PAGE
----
I’ve known Amber a long time. She’s someone I’ve always had a great deal of respect for. Now even more so after hearing her talk about embracing imperfection. Everyone talks about transparency and authenticity. Amber nails both. She lives and breathes social engagement and analytics. Much of her talk centered around Impostor Syndrome. It refers to “high-achieving individuals marked by an inability to internalize their accomplishments and a persistent fear of being exposed as “fraud.” In 2011, she was riding high when Radian6 was purchased by Salesforce, she had a successful book and was well-known for the social engagement work that she was a part of. During her next step is when she starting struggling those negative feelings of self-doubt. Especially as so many of her peers in the social space appeared to be at the top of their game. That period led her to do research on the topic. She quickly found in her interviews that Impostor’s Syndrome affects everyone… men, women, all ages, etc. Even extremely successful people like best-selling author Stephen King. Bottom line, Amber’s currently focused on making this topic as her next book. I hope she’s successful on that front and applaud her for having the courage to share with the folks here at our event. You can check out Amber’s session at about the 39 minute mark of the Movers and Shapers livestream.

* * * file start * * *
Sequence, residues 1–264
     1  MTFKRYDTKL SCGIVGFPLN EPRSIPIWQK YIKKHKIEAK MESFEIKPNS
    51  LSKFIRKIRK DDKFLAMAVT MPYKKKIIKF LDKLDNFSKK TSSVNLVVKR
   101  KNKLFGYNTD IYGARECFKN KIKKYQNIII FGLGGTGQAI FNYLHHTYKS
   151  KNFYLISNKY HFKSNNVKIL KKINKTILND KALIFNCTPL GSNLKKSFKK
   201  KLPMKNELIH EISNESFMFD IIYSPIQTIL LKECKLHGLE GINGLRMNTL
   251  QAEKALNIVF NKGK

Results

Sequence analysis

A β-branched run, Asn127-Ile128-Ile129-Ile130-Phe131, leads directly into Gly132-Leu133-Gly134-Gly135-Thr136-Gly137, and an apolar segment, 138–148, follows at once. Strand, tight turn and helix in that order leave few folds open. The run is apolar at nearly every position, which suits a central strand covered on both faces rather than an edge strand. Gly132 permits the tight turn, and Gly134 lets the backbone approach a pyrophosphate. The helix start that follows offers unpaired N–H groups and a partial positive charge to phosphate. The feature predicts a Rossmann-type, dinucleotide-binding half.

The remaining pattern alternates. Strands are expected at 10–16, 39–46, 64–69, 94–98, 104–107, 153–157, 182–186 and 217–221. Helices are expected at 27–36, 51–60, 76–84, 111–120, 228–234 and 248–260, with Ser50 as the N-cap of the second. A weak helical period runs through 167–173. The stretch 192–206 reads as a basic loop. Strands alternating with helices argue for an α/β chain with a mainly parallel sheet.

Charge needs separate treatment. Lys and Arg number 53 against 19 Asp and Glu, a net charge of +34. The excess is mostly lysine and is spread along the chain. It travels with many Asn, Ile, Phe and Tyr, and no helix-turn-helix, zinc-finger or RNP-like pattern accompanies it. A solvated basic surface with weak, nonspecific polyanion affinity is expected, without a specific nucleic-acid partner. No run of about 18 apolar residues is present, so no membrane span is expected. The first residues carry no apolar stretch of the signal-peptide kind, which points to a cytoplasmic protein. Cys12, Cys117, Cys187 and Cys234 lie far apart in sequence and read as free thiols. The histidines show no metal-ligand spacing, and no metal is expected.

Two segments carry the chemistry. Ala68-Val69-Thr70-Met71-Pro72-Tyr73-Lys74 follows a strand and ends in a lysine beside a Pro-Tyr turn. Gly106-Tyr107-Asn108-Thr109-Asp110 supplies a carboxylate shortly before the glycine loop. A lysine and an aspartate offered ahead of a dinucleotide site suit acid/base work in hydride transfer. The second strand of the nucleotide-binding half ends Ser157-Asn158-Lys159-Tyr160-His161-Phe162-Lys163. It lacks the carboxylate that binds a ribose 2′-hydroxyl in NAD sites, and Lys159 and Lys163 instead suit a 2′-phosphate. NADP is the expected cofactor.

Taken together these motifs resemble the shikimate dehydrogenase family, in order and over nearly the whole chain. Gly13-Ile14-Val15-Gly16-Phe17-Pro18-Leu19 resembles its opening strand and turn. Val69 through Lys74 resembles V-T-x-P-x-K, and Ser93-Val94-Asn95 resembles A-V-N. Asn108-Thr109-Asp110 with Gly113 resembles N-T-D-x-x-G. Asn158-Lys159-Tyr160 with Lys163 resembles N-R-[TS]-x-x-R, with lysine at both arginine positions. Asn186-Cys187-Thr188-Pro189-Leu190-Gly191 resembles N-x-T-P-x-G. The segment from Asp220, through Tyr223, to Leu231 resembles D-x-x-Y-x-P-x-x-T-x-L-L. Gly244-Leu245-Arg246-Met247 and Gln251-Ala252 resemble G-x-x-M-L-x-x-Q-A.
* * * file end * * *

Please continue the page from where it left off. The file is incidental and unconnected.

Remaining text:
Ray Kerins, SVP Head of Communications & Government Relations, Bayer
Ray’s topic of discussion was the Criticality of Intellectual Property. Ray did something I wasn’t expecting. He made a talk about IP pretty lively and engaging. He started his session by acknowledging that most people’s eyes glaze over when they hear about patents and IP. He defined IP as the set of laws that protect individuals and companies who have created a unique product or thing. It’s important to all of us because it protects innovation. Ray cited one of the most difficult aspects of IP is the un-evenness of laws around the world. While those in the United States are decent, several countries outside the US have very weak laws, and in some cases, those laws can be difficult to enforce. Ray is a board member of the US Chamber of Commerce and he’s also a member of the Global Intellectual Property Center (GIPC). GIPC’s sole responsibility is to make sure the IP laws around the world help protect innovation created in America. According to Ray, IP creates job. He referenced several reports compiled by GIPC. One such report is the International IP Index, which ranks the world’s countries in terms of levle of IP protection. In other words, to track the places where counterfeiting is the biggest problem. Surprises? Venezuela is the country that currently ranks the highest on that list. India is #2. Another surprise? China currently ranks 17th on the list. Ray attributed China’s going down on the list (improving) to the Chinese government’s active efforts to strengthen their IP laws and enforcing those laws. You can check out Ray’s session just about the 50 minute mark of the Movers and Shapers livestream.